(1) Determine the effect of exercise amount and intensity on the proportion of adipose tissue (AT) responses likely, very likely, and unlikely above the minimal clinically important difference (MCID); and (2) Examine whether clinically meaningful anthropometric changes reflect individual AT responses above the MCID.
Men (n=41) and women (n=62) (52.7 ± 7.6 years) were randomized to control (N=20); low amount low intensity (LALI, N=24); high amount low intensity (HALI, N=30); and high amount high intensity (HAHI, N=29) exercise for 24 weeks. AT changes were measured by MRI. The probability that individual responses were > MCID after adjusting for technical error of measurement were calculated for each individual and categorized as: ‘Unlikely’ = < 25%, ‘Possibly’ = 25-74%, ‘Likely’ = 75-94%, ‘Very Likely’ = 95-100% chance.
The HALI (total AT) and HAHI (total AT, visceral AT) groups had a greater proportion of individuals whose response was “very likely” ≥ MCID vs controls (p<0.006). Across the abdominal AT depots, for individuals who reduced WC or body weight ≥ 2 cm or 2 kg, respectively, 51-69% of responses were “likely” or “very likely” beyond the MCID.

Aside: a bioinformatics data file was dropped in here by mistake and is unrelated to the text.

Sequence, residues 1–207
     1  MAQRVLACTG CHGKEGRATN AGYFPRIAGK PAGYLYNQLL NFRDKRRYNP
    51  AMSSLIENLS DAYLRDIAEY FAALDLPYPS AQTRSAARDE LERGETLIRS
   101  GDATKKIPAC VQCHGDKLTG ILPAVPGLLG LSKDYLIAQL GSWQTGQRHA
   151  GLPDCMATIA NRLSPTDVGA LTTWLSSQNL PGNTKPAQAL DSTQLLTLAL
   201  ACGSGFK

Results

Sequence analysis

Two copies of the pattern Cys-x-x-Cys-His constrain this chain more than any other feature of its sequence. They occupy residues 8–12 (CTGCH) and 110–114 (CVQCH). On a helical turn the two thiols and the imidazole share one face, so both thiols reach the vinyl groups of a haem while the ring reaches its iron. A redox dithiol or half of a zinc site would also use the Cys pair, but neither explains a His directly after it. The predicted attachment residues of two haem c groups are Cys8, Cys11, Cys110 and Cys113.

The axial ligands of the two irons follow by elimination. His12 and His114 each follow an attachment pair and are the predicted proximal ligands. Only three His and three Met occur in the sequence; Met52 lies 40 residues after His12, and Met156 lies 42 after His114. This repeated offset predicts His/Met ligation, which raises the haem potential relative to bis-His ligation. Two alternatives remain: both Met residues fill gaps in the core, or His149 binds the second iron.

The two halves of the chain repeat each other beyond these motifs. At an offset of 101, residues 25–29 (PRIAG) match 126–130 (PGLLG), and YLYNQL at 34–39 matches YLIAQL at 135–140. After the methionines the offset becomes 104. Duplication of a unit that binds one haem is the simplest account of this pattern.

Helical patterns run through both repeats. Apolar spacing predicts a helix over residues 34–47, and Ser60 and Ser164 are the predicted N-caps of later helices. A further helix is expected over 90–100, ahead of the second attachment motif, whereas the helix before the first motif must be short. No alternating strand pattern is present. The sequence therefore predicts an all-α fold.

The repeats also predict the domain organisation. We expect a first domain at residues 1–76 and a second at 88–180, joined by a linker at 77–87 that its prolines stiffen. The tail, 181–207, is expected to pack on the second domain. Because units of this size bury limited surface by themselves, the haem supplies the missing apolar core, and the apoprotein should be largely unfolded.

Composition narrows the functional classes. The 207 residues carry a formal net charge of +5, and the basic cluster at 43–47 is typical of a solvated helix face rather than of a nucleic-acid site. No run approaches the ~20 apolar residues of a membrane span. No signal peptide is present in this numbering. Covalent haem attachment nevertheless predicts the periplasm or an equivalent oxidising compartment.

Increasing exercise amount and/or intensity may increase the proportion of individuals deemed ‘very likely’ to achieve clinically meaningful AT reductions. The use of anthropometric change to identify individual response for adiposity reduction remains a challenge.